Safety is the most important factor in the success of a relationship. If you don’t feel safe with the other person, you cannot show up authentically and you cannot fully love them or yourself. If you don’t feel safe, the other person will always feel like an enemy, at some level, and you will often be at odds. When someone feels safe, they need nothing and have more to give.
2 core fears
Here are the two core fears, and how to make a person who is dominant in each fear feel safe:
Fear of failure dominant
If a person is fear of failure dominant, their worst behavior is triggered when they feel criticized, judged, insulted, unwanted or abandoned. These experiences make them feel they aren’t good enough and put them out of balance.
When you have some feedback for these people, you should deliver it gently. You should also make sure they feel secure about how you see them. To make them feel safe with you, you must give them lots of validation and reassurance. If you can do this — and they see you as a cure to their fear, not a cause of their fear — they will thrive in the relationship.
Fear of loss dominant
If a person is fear of loss dominant, their worst behavior is triggered when they feel taken from, mistreated, disregarded, or that people aren’t showing up for them the way they should be. These people need a certain amount of control over their environment to feel safe.
You must make sure they feel heard, respected and appreciated, and let them be in charge as much as you can. To make them feel safe with you, you should let them be the boss as much as possible, reassure them things will be OK, and take their advice without feeling criticized by it. Understand when they give suggestions or advice, they are only trying to help.
4 value systems
Understanding the other person’s core fear is only half the equation, though, so let me explain the four value systems and what people from each group value most.
Values people and connection: These people fill up by socializing with others, and they get most of their self-esteem and safety in the world from connection and relationships. If you are in a relationship with someone like this, you must understand their great need to communicate and spend time with you. They need more of your time and affection than you would, and they need you to listen to them, be affectionate and let them have lots of socializing with other humans to keep their bucket full. If they get these things they will feel good and have more to give you.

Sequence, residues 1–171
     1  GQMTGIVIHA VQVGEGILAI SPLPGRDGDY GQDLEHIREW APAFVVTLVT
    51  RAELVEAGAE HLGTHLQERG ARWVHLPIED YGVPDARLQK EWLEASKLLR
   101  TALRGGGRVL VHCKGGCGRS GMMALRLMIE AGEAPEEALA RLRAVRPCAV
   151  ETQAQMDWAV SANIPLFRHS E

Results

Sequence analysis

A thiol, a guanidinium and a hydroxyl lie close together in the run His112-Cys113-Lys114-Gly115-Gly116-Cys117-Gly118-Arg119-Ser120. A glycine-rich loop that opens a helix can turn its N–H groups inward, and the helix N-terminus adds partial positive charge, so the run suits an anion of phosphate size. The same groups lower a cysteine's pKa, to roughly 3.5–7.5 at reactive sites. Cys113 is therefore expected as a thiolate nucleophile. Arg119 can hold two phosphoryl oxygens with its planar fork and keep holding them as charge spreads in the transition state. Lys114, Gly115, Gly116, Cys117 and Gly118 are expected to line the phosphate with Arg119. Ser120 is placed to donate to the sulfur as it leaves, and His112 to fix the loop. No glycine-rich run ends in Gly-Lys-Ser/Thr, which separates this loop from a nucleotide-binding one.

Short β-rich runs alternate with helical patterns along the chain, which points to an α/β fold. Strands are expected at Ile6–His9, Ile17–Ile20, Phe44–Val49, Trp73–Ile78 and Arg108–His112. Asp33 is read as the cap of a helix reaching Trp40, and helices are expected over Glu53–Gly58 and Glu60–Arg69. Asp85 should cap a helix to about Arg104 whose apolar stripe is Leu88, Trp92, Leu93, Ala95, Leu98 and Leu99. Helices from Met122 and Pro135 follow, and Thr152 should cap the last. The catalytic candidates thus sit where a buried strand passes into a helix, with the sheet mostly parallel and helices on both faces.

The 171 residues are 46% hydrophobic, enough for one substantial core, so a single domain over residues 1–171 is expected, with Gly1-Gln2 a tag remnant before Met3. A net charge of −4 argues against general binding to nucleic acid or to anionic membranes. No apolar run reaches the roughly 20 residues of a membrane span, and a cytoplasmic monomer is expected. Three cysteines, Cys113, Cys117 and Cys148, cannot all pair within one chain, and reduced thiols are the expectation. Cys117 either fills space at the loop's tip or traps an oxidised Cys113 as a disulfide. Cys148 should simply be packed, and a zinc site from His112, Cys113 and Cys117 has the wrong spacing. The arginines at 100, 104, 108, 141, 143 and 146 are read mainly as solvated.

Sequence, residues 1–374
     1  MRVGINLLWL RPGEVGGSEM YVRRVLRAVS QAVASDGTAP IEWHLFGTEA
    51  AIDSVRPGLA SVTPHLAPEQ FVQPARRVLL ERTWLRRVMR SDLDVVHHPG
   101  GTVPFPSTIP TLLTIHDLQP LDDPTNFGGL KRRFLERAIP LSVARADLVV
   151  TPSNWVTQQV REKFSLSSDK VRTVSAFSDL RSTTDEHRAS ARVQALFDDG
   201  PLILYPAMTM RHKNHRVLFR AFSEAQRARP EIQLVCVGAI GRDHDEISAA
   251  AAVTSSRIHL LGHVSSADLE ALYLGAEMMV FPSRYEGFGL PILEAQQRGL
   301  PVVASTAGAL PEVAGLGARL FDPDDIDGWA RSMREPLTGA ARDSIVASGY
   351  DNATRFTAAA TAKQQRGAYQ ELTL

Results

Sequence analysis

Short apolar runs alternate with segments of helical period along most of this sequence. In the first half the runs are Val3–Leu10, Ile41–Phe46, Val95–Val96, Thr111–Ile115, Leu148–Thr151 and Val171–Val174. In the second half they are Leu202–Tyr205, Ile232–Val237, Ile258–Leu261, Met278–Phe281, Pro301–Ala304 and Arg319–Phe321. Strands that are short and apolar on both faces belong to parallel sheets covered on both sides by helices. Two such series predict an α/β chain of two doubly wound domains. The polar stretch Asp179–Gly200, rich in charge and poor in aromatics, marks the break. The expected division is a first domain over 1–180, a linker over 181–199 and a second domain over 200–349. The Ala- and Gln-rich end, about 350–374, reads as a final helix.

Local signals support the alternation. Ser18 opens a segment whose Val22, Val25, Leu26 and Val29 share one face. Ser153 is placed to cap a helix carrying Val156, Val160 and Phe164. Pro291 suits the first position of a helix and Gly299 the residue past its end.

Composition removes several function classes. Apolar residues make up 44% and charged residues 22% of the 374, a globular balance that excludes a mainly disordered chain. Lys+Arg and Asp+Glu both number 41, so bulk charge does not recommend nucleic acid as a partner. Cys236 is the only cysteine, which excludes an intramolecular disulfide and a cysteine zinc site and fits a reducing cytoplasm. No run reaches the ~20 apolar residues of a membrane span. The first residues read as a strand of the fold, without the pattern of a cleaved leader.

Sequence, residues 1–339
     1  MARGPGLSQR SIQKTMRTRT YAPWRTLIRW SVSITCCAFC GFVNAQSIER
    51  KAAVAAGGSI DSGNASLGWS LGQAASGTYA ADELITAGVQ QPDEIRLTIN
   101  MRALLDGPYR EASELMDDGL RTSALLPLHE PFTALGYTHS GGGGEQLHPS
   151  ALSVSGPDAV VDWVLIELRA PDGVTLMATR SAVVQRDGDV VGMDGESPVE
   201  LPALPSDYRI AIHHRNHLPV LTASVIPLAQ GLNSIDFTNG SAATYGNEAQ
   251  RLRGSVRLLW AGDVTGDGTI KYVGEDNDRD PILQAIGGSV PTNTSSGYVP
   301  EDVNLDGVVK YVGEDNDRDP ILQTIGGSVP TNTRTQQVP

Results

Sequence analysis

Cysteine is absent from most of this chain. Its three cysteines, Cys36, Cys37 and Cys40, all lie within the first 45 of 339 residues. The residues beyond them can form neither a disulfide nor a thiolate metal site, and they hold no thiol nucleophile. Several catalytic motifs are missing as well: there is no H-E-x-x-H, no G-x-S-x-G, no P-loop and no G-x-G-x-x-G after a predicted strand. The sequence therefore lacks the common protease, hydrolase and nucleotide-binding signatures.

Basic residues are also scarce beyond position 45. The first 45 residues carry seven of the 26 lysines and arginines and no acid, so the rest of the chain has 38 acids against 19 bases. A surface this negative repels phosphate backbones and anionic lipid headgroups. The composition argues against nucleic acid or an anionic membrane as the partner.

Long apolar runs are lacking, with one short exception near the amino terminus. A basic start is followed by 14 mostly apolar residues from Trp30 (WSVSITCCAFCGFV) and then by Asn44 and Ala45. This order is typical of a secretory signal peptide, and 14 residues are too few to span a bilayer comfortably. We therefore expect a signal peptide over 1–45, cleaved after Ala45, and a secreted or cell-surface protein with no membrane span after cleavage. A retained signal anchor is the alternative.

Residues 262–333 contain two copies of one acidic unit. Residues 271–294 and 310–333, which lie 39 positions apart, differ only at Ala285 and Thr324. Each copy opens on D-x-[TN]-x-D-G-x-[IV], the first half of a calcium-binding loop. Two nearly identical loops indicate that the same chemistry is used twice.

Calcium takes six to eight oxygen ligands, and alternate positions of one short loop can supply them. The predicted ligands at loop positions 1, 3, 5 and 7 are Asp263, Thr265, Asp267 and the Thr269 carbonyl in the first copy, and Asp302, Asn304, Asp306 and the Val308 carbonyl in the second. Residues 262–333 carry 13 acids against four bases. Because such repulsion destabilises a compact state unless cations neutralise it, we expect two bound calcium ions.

Values tasks: These people fill up and get self-esteem from getting things done. They need to accomplish and finish tasks, and have good performance in those tasks, to feel safe in the world. If you are in a relationship with someone like this, you must understand their great need to work and get projects finished. They treasure time alone to get their work done, and they need you to notice and validate what amazing workers they are. If they get tasks done and feel accomplished they will feel better and have more to give you.
Values things: These people get their sense of self-esteem from what they create, build or own. They are artists, inventors, business builders and beauties, and they highly value appearance and how things look. If you are in a relationship with someone like this, you must understand their need to look good or create amazing things. This may require time away from you, but if they get the time to create things or make themselves look amazing they will have more to give you.
Values ideas: These people get their sense of self-esteem from knowledge, principles, morals, doing things right and knowing answers to problems. If you are in a relationship with someone like this, you need to validate their knowledge and expertise in the subjects they are passionate about. This will mean listening to them a lot (even if you aren’t interested in that topic) and giving them the control to make sure things are right. If they have the chance to share, teach or learn more about what they care about, they will be happy and they will have more to give you.